Hamilton purchases 22 properties for Spooky Nook complex parking

The city has purchased dozens of properties along North Second and North Third streets just off Black Street east of the Spooky Nook at Champion Mill. All of the properties recently purchased, and the ones the city purchased in the early 2000s for a different project, will be razed in order to construct a parking lot to support the Spooky Nook development. Pictured is 814 N. Second St., which was recently purchased by the city. MICHAEL D. PITMAN/STAFF

Combined ShapeCaption
The city has purchased dozens of properties along North Second and North Third streets just off Black Street east of the Spooky Nook at Champion Mill. All of the properties recently purchased, and the ones the city purchased in the early 2000s for a different project, will be razed in order to construct a parking lot to support the Spooky Nook development. Pictured is 814 N. Second St., which was recently purchased by the city. MICHAEL D. PITMAN/STAFF

The city of Hamilton has purchased nearly all of the properties in what’s colloquially known as “Little Italy” to help support the parking needs for the Spooky Nook megacomplex.

Tom Vanderhorst, executive director of Hamilton’s External Services, said once the properties are all under contract ― there are a few more to purchase ― the neighborhood will be razed. Hamilton just approved the purchase of 22 of these properties earlier this month, and a few more buys are anticipated.

“What we’re trying to do now is where trying to get to where we can harvest what we can use off the properties,” Vandor horst said.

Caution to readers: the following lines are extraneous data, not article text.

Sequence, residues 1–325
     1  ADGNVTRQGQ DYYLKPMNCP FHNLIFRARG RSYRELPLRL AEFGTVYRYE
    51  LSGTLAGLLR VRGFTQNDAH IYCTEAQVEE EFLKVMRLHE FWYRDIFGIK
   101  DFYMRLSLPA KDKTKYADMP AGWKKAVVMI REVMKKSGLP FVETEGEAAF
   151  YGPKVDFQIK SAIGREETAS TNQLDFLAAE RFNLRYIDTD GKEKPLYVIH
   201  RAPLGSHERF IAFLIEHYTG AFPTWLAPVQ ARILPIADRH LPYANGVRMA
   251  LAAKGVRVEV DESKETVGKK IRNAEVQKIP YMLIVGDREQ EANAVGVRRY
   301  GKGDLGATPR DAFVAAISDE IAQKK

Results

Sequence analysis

For nearly 20 years, Hamilton has been buying these properties in the 800 and 900 blocks of North Second and North Third streets, which are just north of Black Street. Vanderhorst said these properties were initially being bought for the city’s utility department. Then Spooky Nook at Champion Mill began to develop, and he said, “We just went ahead and finished (purchasing) those since we had money from the parking revenue bonds for parking right there.”

ExploreTwo Middletown summer events may be canceled if lawsuits aren’t settled, organizers say

According to the Butler County Auditor’s website, the city owns more than four dozen properties on these two streets.

Some of the properties have already been razed, but one of the next buildings expected to come down is the former Speedy’s Drive-Thru at the corner of North Second and Black streets, across from the Cohen recycling plant.

Once the parking lot is in place, the land will be transferred to the Hamilton Community Authority, an economic development tool for the city. The parking revenues generated by the parking lot will go to retire the debt issued for the Spooky Nook parking improvements.

Vanderhorst said the level of revenue generated from the parking is unknown but added, “it’s just an additional piece of the capital stack for the future.” When the parking debt is paid off, some of the revenue will go toward the upkeep of the lots.

Hamilton Community Authority board vice president Dan Bates said parking is “critically important” for the anticipated crowds coming to Spooky Nook, which officials had said, based on crowds at the original Pennsylvania location, Hamilton could attract more than 1 million visitors a year in its first year.

ExploreOhio to Tennessee: Woman’s Type II Diabetes journey inspires ‘Walking Home’ art

Bates also said the parking is important for downtown businesses just blocks away from the multi-sport and event complex.

“In Pennsylvania, there’s no place to walk to,” said Bates, who is also the Hamilton Greater Chamber of Commerce president and CEO. “They may not be there all day (in Pennsylvania) because there’s no place to walk to. It’s different in Hamilton.”

Bates said they anticipate people, especially those driving multiple hours to the city, may want to leave the facility after a couple of hours. Instead of driving, it’s expected they would walk a couple of blocks to local establishments.

“You need to make sure you have ample parking,” he said. “It’s good for Hamilton, but it may be a little bit of a challenge for parking.”

Bates said there have been discussions for alternative transportation around downtown Hamilton ― such as the rentable scooters and bikes seen around downtown Cincinnati ― but “nothing to my knowledge has come to fruition.”

About the Author